Brian Foss used to dig around in the dirt looking for slugs and unspent bullets at bluegrass shows, has a soft spot for rock-'n'-roll-playing superheroes, and still wants to know why Dead Moon broke up.
Job title, duties:
Booking agent, night manager, part-time janitor of the Funhouse
How did you first start getting cozy with the seedy underbelly of the music world?
Who sez I'm cozy? I grew up in a household full of music. Everyone in my family played music (Mom played piano, Dad the banjo, my sisters played the flute and guitar), plus my dad was a record collector, so music has always been a part of my life.
I spent the early part of my life in Florida and I went to high school in Alaska in the '80s, and then I lived in places like Cody, Wyo., so I really didn't get to "grow up" around a vibrant music scene until I moved to Seattle in 1988.
It took me a few years to figure things out, and I gotta say, I felt run over by the whole grunge explosion. It was too fucking weird—one night I'd see a band play the Central or the Vogue and maybe I'd have a beer with them. Then the next week they'd be on MTV or something.
I went from knowing nothing about a "local scene" to discovering a ton of cool local bands to being grossed out by how big everything became. So, after getting tired of going to big shows, I started again, going to shows in small dives like the Ditto Tavern and the Lake Union Pub and other dives. In the early/mid-'90s, I started going to punk and garage rock shows, and I found I had a better time.
I tried to run a record label in the mid-'90s, and I put out a couple of 45s; and while it was fun releasing the records, I was horrible at selling them, so I quit. Then some friends of mine and I started up a pirate radio station, and we did benefit shows to raise money, which started me booking shows in 1998 or so. Then I got a job at a club (Gibson's), and now I just can't stop! I like keeping things on a smaller level, which is why I always book at smaller venues.
How did the Funhouse manage to land you?
Before the Funhouse opened, it was called Zak's, and I was the last booking agent for Zak's—until the business owner stopped paying rent and got booted out. When the Funhouse folks took over the space, they asked me to come back. Since then, I bought into the business, and am now a co-owner.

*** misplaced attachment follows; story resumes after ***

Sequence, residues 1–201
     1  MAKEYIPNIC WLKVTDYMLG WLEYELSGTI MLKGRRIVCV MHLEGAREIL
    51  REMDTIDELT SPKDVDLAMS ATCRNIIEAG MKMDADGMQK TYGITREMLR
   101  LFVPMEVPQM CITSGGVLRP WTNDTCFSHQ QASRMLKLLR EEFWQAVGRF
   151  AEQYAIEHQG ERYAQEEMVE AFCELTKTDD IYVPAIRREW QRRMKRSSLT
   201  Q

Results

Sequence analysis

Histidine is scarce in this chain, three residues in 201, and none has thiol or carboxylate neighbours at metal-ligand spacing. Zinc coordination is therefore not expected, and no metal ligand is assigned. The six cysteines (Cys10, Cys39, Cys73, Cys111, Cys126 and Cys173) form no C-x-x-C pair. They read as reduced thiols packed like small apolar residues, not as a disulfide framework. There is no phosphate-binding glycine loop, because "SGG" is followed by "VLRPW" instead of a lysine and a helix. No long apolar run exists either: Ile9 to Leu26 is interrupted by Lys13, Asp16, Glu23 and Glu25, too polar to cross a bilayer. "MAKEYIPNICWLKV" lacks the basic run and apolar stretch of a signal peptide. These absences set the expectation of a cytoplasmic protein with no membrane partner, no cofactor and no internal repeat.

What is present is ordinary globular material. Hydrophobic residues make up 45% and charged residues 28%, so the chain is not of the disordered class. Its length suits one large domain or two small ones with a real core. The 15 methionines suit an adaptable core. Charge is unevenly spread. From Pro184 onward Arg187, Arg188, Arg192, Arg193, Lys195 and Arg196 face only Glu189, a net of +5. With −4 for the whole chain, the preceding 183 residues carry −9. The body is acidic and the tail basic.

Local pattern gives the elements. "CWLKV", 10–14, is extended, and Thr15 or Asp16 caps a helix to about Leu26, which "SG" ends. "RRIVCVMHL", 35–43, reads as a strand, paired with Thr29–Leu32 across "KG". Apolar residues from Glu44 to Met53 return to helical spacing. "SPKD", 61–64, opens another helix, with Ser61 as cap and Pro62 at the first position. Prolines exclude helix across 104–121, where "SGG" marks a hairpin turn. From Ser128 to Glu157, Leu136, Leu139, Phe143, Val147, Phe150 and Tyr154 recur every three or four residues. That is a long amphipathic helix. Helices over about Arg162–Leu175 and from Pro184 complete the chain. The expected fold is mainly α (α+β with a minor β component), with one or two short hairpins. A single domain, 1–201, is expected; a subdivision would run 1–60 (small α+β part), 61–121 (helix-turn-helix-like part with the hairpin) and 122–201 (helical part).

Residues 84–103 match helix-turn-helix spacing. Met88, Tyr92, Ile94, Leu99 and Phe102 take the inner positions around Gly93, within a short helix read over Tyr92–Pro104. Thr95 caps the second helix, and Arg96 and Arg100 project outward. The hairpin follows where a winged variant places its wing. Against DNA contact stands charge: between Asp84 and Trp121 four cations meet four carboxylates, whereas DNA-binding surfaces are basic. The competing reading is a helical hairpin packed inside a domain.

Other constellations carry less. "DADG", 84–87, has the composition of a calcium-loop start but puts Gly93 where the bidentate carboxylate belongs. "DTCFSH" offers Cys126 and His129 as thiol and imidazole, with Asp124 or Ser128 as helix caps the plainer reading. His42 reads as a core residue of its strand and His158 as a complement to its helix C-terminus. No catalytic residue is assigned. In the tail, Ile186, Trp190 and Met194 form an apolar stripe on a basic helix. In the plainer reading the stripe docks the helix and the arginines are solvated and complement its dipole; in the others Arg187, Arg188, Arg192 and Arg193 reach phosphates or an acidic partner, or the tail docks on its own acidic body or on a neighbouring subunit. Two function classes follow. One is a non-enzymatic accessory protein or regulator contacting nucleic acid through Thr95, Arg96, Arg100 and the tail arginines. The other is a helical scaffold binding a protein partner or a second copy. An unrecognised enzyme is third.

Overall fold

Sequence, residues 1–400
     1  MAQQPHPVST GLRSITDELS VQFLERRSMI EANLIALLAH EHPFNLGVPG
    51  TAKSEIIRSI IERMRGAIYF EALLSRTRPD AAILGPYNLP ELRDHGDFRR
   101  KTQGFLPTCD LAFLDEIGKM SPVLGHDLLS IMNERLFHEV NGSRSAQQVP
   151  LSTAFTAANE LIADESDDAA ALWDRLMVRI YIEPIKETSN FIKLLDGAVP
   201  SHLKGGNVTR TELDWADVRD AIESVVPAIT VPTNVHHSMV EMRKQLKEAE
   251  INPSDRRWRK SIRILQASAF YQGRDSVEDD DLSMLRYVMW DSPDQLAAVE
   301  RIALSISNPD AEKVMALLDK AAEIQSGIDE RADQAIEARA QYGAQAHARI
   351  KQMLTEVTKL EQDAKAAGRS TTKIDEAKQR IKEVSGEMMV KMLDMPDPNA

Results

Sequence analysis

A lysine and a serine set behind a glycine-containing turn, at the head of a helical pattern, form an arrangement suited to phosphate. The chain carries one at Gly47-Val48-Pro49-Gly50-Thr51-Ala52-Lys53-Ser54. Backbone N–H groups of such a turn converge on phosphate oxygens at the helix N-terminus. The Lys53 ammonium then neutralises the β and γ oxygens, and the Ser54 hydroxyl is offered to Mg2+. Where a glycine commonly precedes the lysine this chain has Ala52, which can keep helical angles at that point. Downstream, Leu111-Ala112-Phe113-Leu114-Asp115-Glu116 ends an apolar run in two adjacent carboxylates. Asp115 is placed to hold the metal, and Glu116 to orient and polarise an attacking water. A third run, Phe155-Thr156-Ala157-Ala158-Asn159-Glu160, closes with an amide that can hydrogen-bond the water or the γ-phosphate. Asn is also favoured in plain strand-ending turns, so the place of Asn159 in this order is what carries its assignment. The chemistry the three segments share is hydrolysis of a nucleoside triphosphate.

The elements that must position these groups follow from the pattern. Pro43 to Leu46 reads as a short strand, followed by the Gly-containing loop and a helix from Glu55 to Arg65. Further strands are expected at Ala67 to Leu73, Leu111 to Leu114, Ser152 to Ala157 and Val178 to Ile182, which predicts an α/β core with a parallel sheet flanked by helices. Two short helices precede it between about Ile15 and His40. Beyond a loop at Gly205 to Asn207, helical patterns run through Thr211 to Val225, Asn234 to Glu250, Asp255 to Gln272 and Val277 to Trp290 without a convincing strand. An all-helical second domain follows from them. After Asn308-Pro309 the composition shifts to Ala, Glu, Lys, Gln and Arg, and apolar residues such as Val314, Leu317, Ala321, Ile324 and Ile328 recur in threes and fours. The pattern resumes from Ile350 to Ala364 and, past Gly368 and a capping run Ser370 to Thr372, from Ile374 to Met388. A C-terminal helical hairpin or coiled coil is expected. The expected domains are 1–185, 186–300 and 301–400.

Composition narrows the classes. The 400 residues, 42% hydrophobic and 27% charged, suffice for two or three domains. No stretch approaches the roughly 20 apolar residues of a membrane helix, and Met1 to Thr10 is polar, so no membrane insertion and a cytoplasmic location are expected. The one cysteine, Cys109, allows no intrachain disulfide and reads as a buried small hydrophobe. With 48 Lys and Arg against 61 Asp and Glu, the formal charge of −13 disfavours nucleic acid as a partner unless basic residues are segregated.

What other jobs led up to this one?
Beyond booking at the Funhouse, Zak's, and Gibsons, I also booked some shows at the Sunset, the Comet, the Monkey Pub, and five or six other joints. I was also a residential counselor for mentally ill adults for 11-plus years, but now I'm working at the Funhouse full time.
What was the first show you ever went to?
The first show I ever bought tickets for was a Kiss concert in 1979. Superheroes who play rock 'n' roll—damn, did I love that band! My dad used to take me to bluegrass festivals when I was a kid, but the main thing I remember about them was they were held at a firing range, and instead of watching the bands, I would dig around behind the target area for slugs and unspent bullets.
What are the top Funhouse shows you've booked?
I will say having Dead Moon play here was a highlight. I also loved having Sky Saxon & the Seeds play. So many people told me Sky Saxon was a complete nut, but while he was peculiar, I really liked the guy!
Beyond spending my free time with my best friend, my wife Cyndi, I am also one of the DJs on KEXPs punk show, Sonic Reducer.
What's your take on the Dead Moon breakup?
At their Funhouse show, Fred Cole told me he really liked the Funhouse and it felt to him like he found a new home in Seattle—I cannot tell you how good those words sounded to me! But geeze, who woulda thought they'd break up???? I never thought it would happen. I thought it was a prank at first. I STILL wanna know the full story!
Top five records to listen to when . . .
I listen to music all the time, and I'm always listening to new stuff, so I don't really have "records to vacuum by" or anything like that. But when I'm pissed off, "Wrong" by Nomeansno is a good way to get the poison out in a positive way. For driving, I love "Roger the Engineer" by the Yardbirds. And for some weird reason, I've been putting on "Nature of the Beast" by April Wine for nights that I'm drunk and I wanna fall asleep.
Any parting words?
The city and state have been going after nightclubs for no good reason. If you want Seattle to keep having a healthy nightlife, please support the Seattle Nightlife and Music Association (SNMA), a new group formed to keep our club scene alive. They are on the Web at www.seattlenma.org.
A weekly peek behind the curtain of the Emerald City music world, Behind the Scene sheds light on folks you won't see onstage, but who make it all happen.